In an NBA-rich off season, perhaps the most surprising move was not related to the highest profile.
One day when the Brooklyn Nets reached an agreement with Kevin Durant and Kyrie Irving, the Golden State Warriors stunned the NBA by trading with Nets for All Star goaltender D'Angelo Russell.
With the Warriors already arguably the largest backyard in NBA history, there are obvious questions. Where does another goalkeeper score in Golden State?
Is there a long-term adjustment for D'Angelo Russell?
The short-term answer is clear. Klay Thompson will miss most of next season after the ACL tear that he had in Game 6 of the NBA Finals. Russell will join nicely alongside Stephen Curry as Golden State enters a new era of basketball in the Bay Area.
But when Thompson finally returns, the Warriors will have three All-Star players on big long-term contracts. There will be two starting positions in the backcourt of the Golden State.
Something must seemingly give, and most think it will be Russell, with speculation that Golden State intends to eventually use the 23-year-old guard as a chip over the entire line.
Do not trade in Russell yet
General Manager Bob Myers paused Monday afternoon.
"I know it was written and speculated, and that's fine. That's what everyone needs to do, "said Myers. "We did not sign it with the intention of negotiating it. We have not even seen him play in our uniform yet and a lot of people are exchanging it.
"That's not how we see it. Let's see what we have. Let's see what he is. Let's see how he's doing. "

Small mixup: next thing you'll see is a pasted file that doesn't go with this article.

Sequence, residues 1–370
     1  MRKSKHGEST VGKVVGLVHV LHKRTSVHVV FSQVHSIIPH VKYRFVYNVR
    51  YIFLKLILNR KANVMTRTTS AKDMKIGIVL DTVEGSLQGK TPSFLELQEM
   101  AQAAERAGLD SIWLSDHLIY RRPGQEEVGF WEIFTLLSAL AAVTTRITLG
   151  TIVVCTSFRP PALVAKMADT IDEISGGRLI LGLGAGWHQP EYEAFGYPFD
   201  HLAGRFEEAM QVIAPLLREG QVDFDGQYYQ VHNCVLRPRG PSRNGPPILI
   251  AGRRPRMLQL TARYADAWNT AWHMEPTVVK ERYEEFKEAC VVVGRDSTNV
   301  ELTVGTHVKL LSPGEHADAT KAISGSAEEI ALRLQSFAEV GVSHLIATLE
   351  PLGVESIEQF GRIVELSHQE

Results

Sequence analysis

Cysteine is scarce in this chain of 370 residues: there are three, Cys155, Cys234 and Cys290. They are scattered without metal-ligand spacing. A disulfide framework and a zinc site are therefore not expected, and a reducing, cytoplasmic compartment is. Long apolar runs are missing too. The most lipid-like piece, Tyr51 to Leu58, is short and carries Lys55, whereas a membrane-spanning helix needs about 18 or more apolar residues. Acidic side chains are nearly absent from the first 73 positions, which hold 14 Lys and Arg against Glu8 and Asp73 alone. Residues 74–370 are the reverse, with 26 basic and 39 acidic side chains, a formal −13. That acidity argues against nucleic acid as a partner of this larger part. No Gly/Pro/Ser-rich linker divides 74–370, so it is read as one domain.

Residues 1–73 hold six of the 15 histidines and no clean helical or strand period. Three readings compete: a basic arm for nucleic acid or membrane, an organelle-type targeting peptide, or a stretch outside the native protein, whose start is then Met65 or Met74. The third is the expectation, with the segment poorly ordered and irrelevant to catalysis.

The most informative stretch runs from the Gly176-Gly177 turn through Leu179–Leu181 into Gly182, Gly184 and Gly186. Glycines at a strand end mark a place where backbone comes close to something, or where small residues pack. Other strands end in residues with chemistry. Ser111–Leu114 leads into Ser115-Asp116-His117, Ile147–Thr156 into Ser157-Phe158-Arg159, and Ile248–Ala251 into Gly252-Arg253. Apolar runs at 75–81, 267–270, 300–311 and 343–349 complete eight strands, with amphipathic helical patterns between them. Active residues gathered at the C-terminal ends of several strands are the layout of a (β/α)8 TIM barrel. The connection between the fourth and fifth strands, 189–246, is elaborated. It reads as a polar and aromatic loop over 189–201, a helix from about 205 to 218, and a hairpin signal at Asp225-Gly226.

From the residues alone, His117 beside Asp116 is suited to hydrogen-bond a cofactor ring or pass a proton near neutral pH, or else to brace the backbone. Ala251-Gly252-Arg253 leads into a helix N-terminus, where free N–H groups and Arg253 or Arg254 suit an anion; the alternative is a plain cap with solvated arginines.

This last part is essential – the part "Let's see what we have".
The warriors jumped at an opportunity
The Warriors made the decision because they saw a chance to improve their team. The lanes allowing Golden State to get into free agent play while rivals added players like Anthony Davis, Kawhi Leonard and Russell Westbrook were slim.
They saw a chance to improve by adding an ascending All-Star and reached a creative agreement to this effect. The fact that this may seem strange for the long-term construction of their list is a minor concern. Fortune favors the bold in the NBA, and Golden State has refused to hold on.
Golden State revolutionized the game before
It is difficult, if not impossible, to predict the Warriors' position at the same time next year in a constantly changing NBA. But they have already revolutionized the way basketball is played in the NBA. We do not want Golden State to be the team to play three-guard training in a game that is becoming increasingly positionless.
If this ends up being the case, the long-term implications for Golden State become clearer. Curry is 31 years old. Russell is 23 years old. If the Warriors can prepare Russell for Curry's success, it's even better. This is the long-term benefit of the Russell deal for Golden State.
Maybe it will not work
The disadvantage is that it will not work. Although today's NBAs are as valuable as goalkeepers, it's too much, it's too much – the big-ticket will be too difficult to overcome.
And if that ends up being the case, then all is well. Golden State can then do what many are now speculating: send Russell to another team as part of a contract to fill a more obvious need for training.
But for now, we have no idea what Russell will look like in Golden State. And for that reason, we agree with Myers. Let's see what it looks like before sending an exciting young player who has just joined a list of champions.
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